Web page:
Polycystic lipomembranous osteodysplasia with sclerosing leukoencephalopathy
MedGen UID:
387795
Concept ID:
C1857316
Congenital Abnormality
Polycystic lipomembranous osteodysplasia with sclerosing leukoencephalopathy (PLOSL) is characterized by fractures (resulting from radiologically demonstrable polycystic osseous lesions), frontal lobe syndrome, and progressive presenile dementia beginning in the fourth decade. The clinical course of PLOSL can be divided into four stages: (1) The latent stage is characterized by normal early development. (2) The osseous stage (3rd decade of life) is characterized by pain and tenderness, mostly in ankles and feet, usually following strain or injury. Fractures are typically diagnosed several years later, most commonly in the bones of the extremities. (3) In the early neurologic stage (4th decade of life), a change of personality begins to develop insidiously. Affected individuals show a frontal lobe syndrome (loss of judgment, euphoria, loss of social inhibitions, disturbance of concentration, and lack of insight, libido, and motor persistence) leading to serious social problems. (4) The late neurologic stage is characterized by progressive dementia and loss of mobility. Death usually occurs before age 50 years.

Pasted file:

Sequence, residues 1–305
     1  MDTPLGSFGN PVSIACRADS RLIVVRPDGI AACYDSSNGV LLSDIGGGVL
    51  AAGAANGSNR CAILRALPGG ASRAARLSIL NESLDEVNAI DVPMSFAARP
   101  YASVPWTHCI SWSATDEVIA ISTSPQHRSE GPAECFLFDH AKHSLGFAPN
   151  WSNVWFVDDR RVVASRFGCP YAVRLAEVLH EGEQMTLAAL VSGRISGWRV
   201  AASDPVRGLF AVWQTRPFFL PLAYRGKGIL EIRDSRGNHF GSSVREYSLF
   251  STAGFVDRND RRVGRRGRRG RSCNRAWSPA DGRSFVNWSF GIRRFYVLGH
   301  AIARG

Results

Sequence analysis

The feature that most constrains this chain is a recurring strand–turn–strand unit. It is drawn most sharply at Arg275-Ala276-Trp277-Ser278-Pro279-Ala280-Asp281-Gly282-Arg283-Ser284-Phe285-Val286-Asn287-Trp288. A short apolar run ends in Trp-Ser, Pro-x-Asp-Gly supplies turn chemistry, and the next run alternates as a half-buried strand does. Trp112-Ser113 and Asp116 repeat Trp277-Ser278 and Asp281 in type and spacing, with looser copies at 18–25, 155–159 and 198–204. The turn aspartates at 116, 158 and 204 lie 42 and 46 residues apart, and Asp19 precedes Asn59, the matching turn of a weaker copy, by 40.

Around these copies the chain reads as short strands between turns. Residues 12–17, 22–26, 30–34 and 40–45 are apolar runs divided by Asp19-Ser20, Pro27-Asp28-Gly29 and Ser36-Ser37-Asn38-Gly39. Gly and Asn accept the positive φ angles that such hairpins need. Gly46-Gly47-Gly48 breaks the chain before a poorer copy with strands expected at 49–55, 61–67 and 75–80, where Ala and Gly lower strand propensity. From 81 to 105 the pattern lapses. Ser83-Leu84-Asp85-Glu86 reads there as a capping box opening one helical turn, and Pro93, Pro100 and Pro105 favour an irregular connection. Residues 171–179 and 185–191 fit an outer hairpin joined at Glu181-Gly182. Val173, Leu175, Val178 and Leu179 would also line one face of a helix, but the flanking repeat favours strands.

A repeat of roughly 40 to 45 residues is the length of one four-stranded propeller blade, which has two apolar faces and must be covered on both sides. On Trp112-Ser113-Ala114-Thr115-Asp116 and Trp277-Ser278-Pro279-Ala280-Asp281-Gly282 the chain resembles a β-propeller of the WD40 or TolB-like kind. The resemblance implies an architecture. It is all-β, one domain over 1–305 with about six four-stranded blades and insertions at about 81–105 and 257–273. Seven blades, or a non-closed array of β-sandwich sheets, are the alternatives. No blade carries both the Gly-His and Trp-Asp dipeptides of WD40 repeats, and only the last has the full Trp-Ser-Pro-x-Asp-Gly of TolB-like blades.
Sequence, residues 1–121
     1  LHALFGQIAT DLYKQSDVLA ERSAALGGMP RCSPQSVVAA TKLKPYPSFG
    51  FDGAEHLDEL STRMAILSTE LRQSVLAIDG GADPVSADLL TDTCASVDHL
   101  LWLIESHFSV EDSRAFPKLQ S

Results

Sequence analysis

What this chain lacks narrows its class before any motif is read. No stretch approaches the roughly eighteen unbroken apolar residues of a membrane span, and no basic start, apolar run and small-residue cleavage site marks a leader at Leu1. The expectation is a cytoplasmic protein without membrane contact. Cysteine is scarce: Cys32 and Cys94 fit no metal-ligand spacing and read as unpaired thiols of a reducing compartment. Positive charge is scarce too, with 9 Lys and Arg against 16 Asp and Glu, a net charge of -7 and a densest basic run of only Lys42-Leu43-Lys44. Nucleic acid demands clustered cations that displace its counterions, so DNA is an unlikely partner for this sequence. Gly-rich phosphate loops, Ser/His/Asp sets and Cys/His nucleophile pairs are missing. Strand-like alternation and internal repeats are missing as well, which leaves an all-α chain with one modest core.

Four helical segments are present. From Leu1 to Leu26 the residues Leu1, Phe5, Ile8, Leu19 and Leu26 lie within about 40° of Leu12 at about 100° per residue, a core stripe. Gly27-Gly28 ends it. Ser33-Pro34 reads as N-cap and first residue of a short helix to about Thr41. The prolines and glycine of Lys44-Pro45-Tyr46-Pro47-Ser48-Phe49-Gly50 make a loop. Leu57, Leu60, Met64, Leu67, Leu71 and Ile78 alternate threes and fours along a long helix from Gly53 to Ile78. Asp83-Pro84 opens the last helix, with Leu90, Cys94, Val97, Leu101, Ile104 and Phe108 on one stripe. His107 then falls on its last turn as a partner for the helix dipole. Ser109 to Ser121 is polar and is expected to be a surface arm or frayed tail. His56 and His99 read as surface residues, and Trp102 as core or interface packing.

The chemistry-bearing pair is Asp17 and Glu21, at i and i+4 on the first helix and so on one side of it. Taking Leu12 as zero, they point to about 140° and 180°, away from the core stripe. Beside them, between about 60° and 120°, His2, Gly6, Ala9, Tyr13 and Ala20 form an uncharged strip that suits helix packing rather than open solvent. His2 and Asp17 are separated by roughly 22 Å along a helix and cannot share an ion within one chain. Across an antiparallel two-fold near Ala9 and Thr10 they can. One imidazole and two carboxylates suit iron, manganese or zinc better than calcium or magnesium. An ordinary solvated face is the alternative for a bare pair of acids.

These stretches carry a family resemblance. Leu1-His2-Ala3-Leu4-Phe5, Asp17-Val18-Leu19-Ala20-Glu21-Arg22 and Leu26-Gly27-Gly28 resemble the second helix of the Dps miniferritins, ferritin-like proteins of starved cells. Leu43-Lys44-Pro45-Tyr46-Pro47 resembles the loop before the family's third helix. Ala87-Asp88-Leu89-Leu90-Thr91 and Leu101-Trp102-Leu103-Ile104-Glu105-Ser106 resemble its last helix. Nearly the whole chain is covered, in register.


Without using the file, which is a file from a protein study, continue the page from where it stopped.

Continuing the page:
Spastic paraplegia 4, autosomal dominant
MedGen UID:
401097
Concept ID:
C1866855
Disease or Syndrome
Spastic paraplegia 4 (SPG4; also known as SPAST-associated HSP) is characterized by insidiously progressive bilateral lower-limb gait spasticity. More than 50% of affected individuals have some weakness in the legs and impaired vibration sense at the ankles. About one third have sphincter disturbances. Onset is insidious, mostly in young adulthood, although symptoms may start as early as age one year and as late as age 76 years. Intrafamilial variation is considerable.